Jessie is a problem we’ve all had. The grating drunk phone call from the ex we never tamed, one that promises all and delivers nothing. But still we believe.
Drake, the man who started from the lowest wrung before reaching his current station, features this week, adding a symphony to his parental issues. Not bad for a reformed child actor.
Despite the author being a teenager, ‘Relapse’ is far deeper than the standard diary fare. The visceral feeling of love amputated bleeds off the page.
In the next instalment of 200 Sad Songs, we are dragged into the darkest corner of Nick Cave’s ‘Murder Ballads’, documenting the split of a pair, and the emotional hell that rides in soon after it.
The benefit of age is seeing the people you’ve ruined. Willie Nelson knows this, and up next in 200 Sad Songs he’ll explain the autumnal years regret he walks through. Love is fun.
There are many odes to dead women, but The Zombies’ effort grows like decay. Consider it Rigor mortis of the heart.
Freddy Mercury’s saccharine mash note to the absence of love is our next stop on the Sad Songs train. He earnestly believes that true love will save him, but will it?
We tend to slight Gonzo, some Muppets being created more equal than others, though we should take his song seriously. His ode to missed opportunities is up next in 200 Sad Songs.
Holly Throsby’s “When?” is a song is about an important aspect of love: looking forward to when you’re over the ex, and the landscape is bright once more.
I have no idea what the title of this song means, or indeed the point of it, but I know how it feels. Claustrophobic. Disquieting. Brilliant.
This week we’re sent to the big house with Cold Chisel’s Four Walls, a song that starts tongue in cheek, and ends head in hands. Time to pack your sharpened toothbrush, its 200 Sad Songs time.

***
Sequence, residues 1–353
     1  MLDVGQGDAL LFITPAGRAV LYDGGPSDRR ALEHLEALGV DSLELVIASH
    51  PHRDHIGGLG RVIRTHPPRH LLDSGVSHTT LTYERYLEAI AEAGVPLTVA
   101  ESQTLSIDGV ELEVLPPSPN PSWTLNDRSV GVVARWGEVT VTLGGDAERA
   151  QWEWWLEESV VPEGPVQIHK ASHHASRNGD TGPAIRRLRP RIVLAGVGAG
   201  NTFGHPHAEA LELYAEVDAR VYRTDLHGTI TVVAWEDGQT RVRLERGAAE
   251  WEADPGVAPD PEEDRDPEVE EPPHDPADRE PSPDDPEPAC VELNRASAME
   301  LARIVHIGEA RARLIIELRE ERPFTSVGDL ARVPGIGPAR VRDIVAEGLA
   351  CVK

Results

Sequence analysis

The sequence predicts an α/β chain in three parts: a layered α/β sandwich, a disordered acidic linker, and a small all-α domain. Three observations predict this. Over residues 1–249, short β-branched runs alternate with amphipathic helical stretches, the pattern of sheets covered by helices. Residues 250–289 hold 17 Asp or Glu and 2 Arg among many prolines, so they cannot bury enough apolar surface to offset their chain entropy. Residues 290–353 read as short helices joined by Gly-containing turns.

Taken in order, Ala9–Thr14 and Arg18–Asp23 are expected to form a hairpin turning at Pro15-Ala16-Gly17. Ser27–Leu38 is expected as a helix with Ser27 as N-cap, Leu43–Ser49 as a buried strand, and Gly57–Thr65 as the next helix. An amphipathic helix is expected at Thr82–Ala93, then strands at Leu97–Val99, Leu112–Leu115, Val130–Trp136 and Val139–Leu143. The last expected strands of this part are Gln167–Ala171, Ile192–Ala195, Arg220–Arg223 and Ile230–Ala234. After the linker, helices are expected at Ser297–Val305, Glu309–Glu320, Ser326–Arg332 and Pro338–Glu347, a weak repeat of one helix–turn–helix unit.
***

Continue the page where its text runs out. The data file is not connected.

Buried deep in Celine Dion’s “It’s all coming back to me now” is a single line of such honest, powerful beauty it makes us reach for the draino. Flaming every shred of a lost love in our broken minds, in today’s 200 Sad Songs.
Heartache is often the only thing you have left of someone, so if you let that go, they’re truly gone. Next up in 200 Sad Songs we address that duality. Let go for what?
Love emboldens one to make rash gestures – and you can bet your caboose that a Midnight Train to Georgia fits that category. Gladys Knight blows the whistle in today’s 200 Sad Songs.
Bonnie Prince Billy steers the RMS 200 Sad Songs this week, dealing with depression and the impact of it on your inner circle.
Janice Ian’s “At Seventeen” is a song for those who suffered through teenage Fridays on their lonesome. So to you, fellow losers of the genetic lottery, saddle up for our next overshare of 200 Sad Songs.
In today’s 200 Sad Songs, “Head Over Feet” is an earnestly hopeful number – and a departure for Alanis Morissette. It’s still about loss, though.
In 200 Sad Songs this week: Change Your Mind, an anti-love ode that focuses on the moments we reach out to that person we shouldn’t. The lesson here is, don’t.
In 200 Sad Songs this week, “Poison Oak” tells of a friendship separated by death, which continues in the memory of the living. Mexico, heroin, warts and all.
“Childhood” shows an adult realising he was robbed of his naive years, and knowing, despite his best efforts, those years are gone forever. The great, and greatly tortured Michael Jackson is up next in the series of the 200 saddest songs.
Don’t let the abuse of English colour your impulse. “Tha Crossroads” is indeed a fitting entry into the Sad Songs series, and a wonderful tribute to the departed touching upon the one thing that truly awaits us all.
Teen life is tough, as Grease’s Rizzo (Stockard Channing) communicates perfectly in this week’s 200 Sad Songs entry. While life could be worse than it already is, we know it won’t last forever.